Sunday, December 14, 2014

Quick Anthropology Hits


* Moroccan Berber men are overwhelmingly Y-DNA E1b1b1b-M81 and come from three main subhaplogroups within it, some more common than others. This Y-DNA haplogroup is rare outside Berbers and indicates a likely common and fairly recent origin for the Berber people, at least on the paternal line. This sheds light on the ongoing mystery of the exact relationship of the Berber languages to the other Afro-Asiatic languages and the ethnogenesis of the Berber people.

* Stripped of back migrating Eurasian DNA, the genetic diversity of Sub-Saharan Africa between populations is considerably less diverse than often assumed. African genetic diversity has more to do with its within population genetic diversity than it between population genetic diversity. Put another way, the "Black" component of Sub-Saharan Africans (as opposed to the Khoisan/Pygmy components) is fairly homogeneous across the continent. Of course, some of that is due to the relatively recent Bantu expansion.


* The raw Y-DNA data from the Caucasus reported here, seems to support a South of the "continental divide" in the Caucasus origin for Y-DNA R1b in Europe, probably sometime after Y-DNA G appeared there in a first farmer wave. The genetic evidence suggests that Southern Caucasian languages (like Kartevelian) might be a better place to look for links to the Vasconic and Minoan languages, than the North Caucasian languages.

* The lack of a proto-Indo-European word for tiger, a species that was present in all of these regions at the time, suggests a North of the Caucasus origin for Indo-European languages. This is also a death knell for an Out of India theory of PIE origins that would argue that Indo-European was a remnant of some dialect of the Harappan trade empire spoken at its fringes (perhaps in the BMAC area of Central Asia), since Harappan languages would have had a common word for Tiger. The strongest argument for Out of India had been the lack of any apparent substrate language in Rig Vedic Sanskrit.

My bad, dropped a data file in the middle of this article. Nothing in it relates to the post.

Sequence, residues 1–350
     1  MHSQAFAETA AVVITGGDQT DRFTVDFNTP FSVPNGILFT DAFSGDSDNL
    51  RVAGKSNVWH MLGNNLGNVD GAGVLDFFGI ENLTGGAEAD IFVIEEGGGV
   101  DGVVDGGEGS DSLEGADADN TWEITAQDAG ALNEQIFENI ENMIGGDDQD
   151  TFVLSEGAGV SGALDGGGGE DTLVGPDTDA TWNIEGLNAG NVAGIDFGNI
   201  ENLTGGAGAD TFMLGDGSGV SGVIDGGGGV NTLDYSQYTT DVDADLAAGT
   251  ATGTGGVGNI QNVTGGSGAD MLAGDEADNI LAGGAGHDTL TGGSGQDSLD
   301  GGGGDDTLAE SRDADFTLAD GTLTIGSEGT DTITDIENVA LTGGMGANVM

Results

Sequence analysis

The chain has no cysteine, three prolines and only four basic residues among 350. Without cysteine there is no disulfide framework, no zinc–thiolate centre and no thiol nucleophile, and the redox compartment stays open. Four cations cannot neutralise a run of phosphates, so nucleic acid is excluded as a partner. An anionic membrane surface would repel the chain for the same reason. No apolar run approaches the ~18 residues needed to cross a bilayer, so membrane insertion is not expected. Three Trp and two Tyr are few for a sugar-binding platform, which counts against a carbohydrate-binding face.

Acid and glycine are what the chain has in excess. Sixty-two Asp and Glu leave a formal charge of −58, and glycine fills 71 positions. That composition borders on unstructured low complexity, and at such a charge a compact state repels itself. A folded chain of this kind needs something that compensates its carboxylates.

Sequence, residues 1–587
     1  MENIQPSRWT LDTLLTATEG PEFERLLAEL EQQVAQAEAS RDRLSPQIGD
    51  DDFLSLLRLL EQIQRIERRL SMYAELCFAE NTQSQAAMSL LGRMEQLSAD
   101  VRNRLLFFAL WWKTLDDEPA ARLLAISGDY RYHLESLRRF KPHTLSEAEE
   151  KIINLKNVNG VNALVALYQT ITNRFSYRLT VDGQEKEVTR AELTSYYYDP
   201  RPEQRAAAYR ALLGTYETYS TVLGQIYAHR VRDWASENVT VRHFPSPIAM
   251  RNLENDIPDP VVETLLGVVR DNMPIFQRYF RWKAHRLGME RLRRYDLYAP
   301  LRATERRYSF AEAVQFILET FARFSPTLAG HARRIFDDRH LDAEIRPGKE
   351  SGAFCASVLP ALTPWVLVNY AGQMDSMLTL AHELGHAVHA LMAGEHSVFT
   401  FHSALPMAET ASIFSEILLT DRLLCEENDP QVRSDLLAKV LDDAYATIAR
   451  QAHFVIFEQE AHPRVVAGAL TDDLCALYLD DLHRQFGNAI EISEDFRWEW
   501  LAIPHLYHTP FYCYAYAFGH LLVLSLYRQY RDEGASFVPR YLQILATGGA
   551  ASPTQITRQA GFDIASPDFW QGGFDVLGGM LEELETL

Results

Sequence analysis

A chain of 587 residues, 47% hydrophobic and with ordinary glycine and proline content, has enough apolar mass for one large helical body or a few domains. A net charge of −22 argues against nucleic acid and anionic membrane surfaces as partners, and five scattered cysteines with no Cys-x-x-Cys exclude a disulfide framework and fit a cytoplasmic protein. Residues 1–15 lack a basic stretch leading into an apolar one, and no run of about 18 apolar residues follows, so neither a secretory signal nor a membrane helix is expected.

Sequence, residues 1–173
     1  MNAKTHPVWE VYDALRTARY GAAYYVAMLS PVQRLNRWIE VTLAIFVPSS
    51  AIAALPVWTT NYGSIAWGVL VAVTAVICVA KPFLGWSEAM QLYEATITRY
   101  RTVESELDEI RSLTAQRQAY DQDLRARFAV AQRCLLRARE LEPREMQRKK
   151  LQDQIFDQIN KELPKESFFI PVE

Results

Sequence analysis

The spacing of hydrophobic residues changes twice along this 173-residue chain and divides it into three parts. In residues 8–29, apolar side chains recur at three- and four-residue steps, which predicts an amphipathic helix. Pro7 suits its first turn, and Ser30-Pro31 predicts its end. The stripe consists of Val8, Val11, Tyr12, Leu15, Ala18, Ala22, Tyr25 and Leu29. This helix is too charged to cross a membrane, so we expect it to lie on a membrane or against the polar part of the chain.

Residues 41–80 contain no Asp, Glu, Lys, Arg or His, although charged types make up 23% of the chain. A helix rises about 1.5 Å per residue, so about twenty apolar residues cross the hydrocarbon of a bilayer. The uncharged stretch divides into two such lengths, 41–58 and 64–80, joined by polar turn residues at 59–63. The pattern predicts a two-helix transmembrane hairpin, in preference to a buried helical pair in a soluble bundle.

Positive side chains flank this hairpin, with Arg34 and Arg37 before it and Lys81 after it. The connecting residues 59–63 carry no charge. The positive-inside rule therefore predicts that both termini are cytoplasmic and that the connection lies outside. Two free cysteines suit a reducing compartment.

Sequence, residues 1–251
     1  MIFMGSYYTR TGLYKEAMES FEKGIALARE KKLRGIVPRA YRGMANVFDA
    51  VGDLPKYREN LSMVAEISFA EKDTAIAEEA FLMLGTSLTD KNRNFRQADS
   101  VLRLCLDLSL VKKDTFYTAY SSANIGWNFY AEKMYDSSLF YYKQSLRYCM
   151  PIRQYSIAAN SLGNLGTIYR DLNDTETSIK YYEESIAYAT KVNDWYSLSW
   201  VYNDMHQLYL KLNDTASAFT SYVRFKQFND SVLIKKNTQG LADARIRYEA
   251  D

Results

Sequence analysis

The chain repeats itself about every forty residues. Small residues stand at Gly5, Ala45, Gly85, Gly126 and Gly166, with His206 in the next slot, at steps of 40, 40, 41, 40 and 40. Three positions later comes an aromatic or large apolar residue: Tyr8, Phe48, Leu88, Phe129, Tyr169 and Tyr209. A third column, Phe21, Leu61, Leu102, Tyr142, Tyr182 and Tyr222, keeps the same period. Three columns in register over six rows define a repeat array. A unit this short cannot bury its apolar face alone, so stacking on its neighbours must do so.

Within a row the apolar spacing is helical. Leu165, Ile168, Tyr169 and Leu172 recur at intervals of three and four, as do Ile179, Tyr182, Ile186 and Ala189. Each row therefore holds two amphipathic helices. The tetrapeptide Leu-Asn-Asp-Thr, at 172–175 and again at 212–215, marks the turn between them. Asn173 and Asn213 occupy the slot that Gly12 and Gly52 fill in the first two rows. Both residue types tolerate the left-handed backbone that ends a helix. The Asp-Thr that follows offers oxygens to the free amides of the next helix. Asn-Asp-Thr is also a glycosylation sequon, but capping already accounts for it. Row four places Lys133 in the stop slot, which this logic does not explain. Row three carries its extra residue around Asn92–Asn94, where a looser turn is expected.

* Bell Beaker blogger makes an intriguing case for a connection between the Indo-European words for witches and the possibility that old wise women may have been involved in brewing beer.

* Bell Beaker blogger has reviewed some recent research on Y-DNA R-1b (here and here) as well as mtDNA H. I still don't buy his North African Bell Beaker origins story, but the data and analysis are still useful. Eurogenes also speculates on R1b origins.

* A new Y-DNA tree shows how recent and extreme the expansions of R1b and R1a were compared to other Y-DNA haplogroups.

* New carbon dating data confounds the question of which archaeological culture was the source of the kurgan burial practice that is a litmus test for Indo-European affiliation in the leading theory of Indo-European origins. Yamnaya and Maykop kurgans now appear to have begun and evolved contemporaneously.

* Ancient DNA and DNA from his modern descedants has revealed were two instances of "false paternity" between King Richard III of England (whose bones were recently unearthed and confirmed in multiple ways) and his purported modern relatives. One was recent and distinguished one man who should have had the same Y-DNA type from the other modern relatives. The other was further back in history and suggests than none of the modern men who purport to come from the same paternal line as Richard III actually do, although it is impossible to tell just when the "false paternity" event took place.

* I discuss the outlier R1b hotspot in the Northern Ural Mountains in a comment at this blog about the Bashkirs. A neighboring, linguistically Uralic and not R1b rich people called the Udmurts are also notable outliers for their high frequency of red hair.

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